After successful thermocompression bonding, the extra marginal leaf areas of the foil are bent or retroflexed over the chip margin, essentially superimposing them over the now-bonded foil portions from which they extend. The retroflexed leaves provide stress relief contact for through-the-lid connectors in all thin-pack applications. They may pass through the lid as leaf-like contacts (application Ser. No. 07/375,569, ibid.) or be used to contact copper spheres which reside in holes that are cut directly through the thin-pack ceramic lid. This latter technique is described in an article entitled "MCT Power Packaging" by C. A. Neugebauer et al., and reported in the Proceedings of the 40th IEEE ETCT, May, 1990.
The features of the invention believed to be novel are set forth with particularity in the appended claims. The invention, itself, however, both as to organization and method of operation, together with further objects and advantages thereof, may best be understood by reference to the following description taken in conjunction with the accompanying drawings in which:
FIG. 1 is an isometric drawing of the multilaminate foil of the invention, shown partially cut away;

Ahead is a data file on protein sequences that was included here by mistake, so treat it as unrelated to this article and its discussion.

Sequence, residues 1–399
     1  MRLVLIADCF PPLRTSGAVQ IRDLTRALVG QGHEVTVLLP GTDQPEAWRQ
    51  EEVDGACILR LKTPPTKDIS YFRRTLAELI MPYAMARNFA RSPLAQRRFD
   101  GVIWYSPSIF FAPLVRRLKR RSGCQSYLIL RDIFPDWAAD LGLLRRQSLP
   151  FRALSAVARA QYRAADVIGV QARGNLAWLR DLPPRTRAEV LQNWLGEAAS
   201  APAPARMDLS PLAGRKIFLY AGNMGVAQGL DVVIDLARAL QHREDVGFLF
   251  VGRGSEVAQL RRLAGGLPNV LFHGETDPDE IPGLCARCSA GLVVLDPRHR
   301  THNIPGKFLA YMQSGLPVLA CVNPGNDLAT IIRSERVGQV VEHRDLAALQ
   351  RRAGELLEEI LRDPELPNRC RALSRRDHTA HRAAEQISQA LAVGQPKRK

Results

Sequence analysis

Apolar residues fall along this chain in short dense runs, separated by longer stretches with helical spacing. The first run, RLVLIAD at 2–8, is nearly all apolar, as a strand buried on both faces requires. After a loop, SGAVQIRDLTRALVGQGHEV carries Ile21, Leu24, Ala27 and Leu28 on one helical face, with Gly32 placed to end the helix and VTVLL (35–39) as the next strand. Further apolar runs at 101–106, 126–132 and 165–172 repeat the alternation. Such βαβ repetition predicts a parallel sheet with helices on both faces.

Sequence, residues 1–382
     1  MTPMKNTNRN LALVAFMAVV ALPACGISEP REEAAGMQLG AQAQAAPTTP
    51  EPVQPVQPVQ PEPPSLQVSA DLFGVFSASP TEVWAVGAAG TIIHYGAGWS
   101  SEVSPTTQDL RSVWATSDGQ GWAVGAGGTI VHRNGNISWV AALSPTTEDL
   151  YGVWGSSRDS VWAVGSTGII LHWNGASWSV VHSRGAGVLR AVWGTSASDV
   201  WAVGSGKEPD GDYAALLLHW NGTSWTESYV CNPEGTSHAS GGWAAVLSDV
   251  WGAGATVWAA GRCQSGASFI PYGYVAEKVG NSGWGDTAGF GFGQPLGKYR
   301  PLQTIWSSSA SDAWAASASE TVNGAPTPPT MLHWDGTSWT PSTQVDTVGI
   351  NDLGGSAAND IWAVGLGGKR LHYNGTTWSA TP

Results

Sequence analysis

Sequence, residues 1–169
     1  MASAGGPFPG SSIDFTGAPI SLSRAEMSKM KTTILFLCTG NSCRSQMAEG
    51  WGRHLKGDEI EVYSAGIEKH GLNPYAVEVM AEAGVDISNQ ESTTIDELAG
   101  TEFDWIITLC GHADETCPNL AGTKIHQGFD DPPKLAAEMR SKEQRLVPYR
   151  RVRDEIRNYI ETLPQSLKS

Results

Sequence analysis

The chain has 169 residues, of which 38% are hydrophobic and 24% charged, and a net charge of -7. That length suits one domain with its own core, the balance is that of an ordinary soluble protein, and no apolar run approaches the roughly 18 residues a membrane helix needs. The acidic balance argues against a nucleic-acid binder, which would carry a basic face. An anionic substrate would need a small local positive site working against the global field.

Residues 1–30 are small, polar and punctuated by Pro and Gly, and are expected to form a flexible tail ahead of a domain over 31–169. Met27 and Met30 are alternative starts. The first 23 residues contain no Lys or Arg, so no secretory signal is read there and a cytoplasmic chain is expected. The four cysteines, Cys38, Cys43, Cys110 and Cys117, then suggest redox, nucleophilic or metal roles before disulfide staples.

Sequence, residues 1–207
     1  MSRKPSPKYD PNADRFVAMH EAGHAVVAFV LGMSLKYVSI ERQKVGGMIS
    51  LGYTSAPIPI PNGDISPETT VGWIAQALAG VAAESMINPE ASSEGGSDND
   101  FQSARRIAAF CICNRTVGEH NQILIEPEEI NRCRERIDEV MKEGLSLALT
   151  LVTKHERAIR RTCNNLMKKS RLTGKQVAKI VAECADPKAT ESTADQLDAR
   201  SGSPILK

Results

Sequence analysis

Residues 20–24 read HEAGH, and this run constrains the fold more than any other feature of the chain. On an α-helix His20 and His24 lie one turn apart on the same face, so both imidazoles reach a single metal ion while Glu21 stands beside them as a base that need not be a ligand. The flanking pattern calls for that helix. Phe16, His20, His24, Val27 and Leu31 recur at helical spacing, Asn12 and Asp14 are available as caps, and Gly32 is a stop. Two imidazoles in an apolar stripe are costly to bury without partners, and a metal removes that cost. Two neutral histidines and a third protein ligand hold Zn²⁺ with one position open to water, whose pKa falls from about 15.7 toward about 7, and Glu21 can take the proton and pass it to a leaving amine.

FIG. 2 is a cross sectional detail of the invention, showing foil bonded to a metallized chip at a portion of its package;
FIG. 3 is a top plan schematic of a semiconductor chip bearing thereover a foil network fabricated in accordance with the invention;
FIG. 4 is an isometric partial drawing of the foil overlay proximate the device gate; and
FIG. 5 is a sectional elevation of a portion of the FIG. 3 article looking in at arrows 5--5.
At high temperatures, the reaction between aluminum and gold laminate, to form an intermetallic phase between the separate lamina, varies in molecular composition according to temperature and the level of halide contamination. When aluminum and gold are used to form an electrical connection, for example on a silicon semiconductor chip, a gold contact layer tends to delaminate if the thickness of the intermetallic phase becomes too great or if the aluminum becomes so depleted that the gold interface with the chip no longer occurs through a thin aluminum film. The instant invention overcomes this problem and provides, for the first time, an inductance-free, permanently bonded contact for a semiconductor power device, the bond being capable of handling high density currents.